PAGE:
The country’s unemployment rate in January stood at 7.1 percent, improving just a little from the 7.2 percent registered in the same month last year, the National Statistics Office (NSO) on Friday reported.
In the NSO’s Labor Force Survey report for January, the National Capital Region accounted for most of the unemployed with a rate of 9.5 percent. The lowest recorded was in the Cagayan Valley at 3.3 percent.
Among the unemployed, 63.6 percent were males. Almost half, or 49.3 percent, of the unemployed were aged 15 to 24 years.
The bulk of the unemployed were in the educated workforce, mainly high school graduates (33.7 percent), college graduates (16.9 percent), and college undergraduates (13.1 percent), the survey showed.
This implies few employment opportunities for those lacking in work experience through education, the National Economic and Development Authority (Neda) said in a statement.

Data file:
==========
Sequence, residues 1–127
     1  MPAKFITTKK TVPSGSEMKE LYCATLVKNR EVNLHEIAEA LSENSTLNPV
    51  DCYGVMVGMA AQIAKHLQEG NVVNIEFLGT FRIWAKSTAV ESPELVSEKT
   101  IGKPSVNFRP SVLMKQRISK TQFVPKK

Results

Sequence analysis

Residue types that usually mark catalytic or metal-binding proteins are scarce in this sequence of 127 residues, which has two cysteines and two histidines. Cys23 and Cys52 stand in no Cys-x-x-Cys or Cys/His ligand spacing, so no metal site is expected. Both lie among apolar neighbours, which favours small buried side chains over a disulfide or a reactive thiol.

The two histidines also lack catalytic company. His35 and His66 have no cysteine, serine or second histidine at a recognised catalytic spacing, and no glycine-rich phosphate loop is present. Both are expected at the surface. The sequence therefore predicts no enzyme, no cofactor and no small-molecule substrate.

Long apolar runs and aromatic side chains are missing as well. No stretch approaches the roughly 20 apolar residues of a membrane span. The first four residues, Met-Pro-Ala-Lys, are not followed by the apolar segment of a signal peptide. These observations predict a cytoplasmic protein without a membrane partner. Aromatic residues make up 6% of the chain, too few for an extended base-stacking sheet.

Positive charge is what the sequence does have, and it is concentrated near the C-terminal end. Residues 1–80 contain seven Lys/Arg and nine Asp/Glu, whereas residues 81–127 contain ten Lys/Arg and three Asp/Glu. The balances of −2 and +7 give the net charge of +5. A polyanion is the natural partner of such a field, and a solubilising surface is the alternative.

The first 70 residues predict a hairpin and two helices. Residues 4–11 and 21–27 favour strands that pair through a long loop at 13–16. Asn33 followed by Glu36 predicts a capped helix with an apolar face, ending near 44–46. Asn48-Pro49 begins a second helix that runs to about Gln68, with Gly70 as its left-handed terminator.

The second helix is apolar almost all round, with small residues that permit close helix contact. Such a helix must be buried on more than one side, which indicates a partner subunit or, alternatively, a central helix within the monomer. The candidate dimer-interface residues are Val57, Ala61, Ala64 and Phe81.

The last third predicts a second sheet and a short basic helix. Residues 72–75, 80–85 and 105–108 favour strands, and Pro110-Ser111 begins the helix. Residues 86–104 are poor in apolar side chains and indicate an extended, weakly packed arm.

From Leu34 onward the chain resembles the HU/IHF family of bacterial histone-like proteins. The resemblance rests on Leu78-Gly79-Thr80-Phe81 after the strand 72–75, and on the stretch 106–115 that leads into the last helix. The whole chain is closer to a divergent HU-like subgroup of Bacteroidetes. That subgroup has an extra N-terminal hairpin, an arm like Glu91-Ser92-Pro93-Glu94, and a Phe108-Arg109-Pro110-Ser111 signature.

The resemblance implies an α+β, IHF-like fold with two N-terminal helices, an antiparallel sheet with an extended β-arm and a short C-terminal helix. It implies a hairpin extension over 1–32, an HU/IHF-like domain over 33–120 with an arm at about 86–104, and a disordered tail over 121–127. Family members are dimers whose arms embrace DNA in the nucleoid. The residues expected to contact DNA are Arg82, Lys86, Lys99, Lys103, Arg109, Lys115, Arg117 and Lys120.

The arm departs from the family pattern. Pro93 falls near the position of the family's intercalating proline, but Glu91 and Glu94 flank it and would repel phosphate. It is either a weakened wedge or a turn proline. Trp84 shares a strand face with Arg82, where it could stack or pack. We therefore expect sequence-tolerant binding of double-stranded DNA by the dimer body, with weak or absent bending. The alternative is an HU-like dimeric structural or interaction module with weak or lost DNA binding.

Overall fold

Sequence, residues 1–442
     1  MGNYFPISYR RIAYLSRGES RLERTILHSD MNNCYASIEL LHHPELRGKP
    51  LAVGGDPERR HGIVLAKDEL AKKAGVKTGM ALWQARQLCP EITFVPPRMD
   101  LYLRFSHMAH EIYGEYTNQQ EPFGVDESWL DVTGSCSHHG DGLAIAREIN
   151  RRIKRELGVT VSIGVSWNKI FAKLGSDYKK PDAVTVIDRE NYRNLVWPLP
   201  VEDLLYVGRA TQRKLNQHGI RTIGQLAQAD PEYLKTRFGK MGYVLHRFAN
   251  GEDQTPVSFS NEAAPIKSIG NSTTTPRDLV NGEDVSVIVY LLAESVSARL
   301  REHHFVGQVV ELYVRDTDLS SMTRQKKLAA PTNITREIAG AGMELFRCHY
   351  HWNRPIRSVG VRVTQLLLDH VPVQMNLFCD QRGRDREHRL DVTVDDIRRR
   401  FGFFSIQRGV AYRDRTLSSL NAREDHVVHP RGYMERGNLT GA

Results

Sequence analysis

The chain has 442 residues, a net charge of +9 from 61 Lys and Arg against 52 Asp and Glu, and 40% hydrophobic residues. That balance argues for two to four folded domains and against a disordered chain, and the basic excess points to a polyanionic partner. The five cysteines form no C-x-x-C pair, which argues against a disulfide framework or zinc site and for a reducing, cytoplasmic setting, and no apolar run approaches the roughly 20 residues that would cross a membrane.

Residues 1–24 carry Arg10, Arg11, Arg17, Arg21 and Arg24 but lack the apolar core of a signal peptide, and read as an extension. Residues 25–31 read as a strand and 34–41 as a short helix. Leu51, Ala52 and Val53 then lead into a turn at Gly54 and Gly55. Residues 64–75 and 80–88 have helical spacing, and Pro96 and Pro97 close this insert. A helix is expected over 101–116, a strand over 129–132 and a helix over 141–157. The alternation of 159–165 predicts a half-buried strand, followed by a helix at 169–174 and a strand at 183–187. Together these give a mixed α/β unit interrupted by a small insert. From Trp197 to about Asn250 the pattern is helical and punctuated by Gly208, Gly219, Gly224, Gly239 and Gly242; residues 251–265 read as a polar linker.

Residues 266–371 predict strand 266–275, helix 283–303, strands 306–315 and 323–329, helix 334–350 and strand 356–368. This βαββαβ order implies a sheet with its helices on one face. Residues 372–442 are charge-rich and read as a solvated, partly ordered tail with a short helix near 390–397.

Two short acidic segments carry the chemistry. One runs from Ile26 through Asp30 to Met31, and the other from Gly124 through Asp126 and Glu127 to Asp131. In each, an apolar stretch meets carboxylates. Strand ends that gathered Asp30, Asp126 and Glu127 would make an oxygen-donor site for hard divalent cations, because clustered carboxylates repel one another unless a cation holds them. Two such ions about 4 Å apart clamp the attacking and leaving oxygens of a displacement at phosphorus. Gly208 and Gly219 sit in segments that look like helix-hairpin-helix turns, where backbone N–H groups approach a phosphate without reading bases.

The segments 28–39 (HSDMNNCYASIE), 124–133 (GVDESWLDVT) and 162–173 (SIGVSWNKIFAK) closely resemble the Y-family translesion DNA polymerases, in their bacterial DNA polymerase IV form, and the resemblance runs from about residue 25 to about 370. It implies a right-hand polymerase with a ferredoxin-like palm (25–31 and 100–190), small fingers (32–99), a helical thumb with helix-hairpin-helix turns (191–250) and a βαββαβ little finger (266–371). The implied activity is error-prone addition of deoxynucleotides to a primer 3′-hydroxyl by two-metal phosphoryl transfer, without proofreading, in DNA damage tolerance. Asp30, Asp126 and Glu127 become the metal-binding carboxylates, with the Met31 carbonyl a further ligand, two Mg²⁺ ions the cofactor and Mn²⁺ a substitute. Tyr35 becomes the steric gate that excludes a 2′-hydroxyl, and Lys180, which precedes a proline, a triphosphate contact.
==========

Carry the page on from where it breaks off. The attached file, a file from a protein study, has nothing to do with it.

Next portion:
Yet, the Neda noted that employment growth came from the group of salaried workers. It also said that the number of full-time workers grew faster than part-time workers. This only showed that the quality of employment had improved, economic planning officials said.
The total number of employed Filipinos grew by 1.6 percent to 37.9 million from a year ago, led by the services and industry sectors. This resulted in a net employment creation of 606,000 during the period, a little over half of the 1.04 million generated a year ago.
The underemployment rate increased by 20.9 percent in Jan. 2013 from 18.8 percent in the same period last year.
“The high level of underemployment may be partly due to the high percentage of new labor entrants aged 15 to 34, who might have been employed as contractual [workers] or are still under probation for which the wage received is low,” said Socioeconomic Planning Secretary Arsenio M. Balisacan.
He said that the creation of decent and productive employment should remain the top priority of the government.
Government projects and private investments can help further lower the unemployment rate, Cid L. Terosa of the University of Asia and the Pacific said in a text message.
“In particular, tourism, construction, agribusiness, wholesale and retail trade, and service industries like BPO and hotel sector will lead the way in generating jobs,” he said.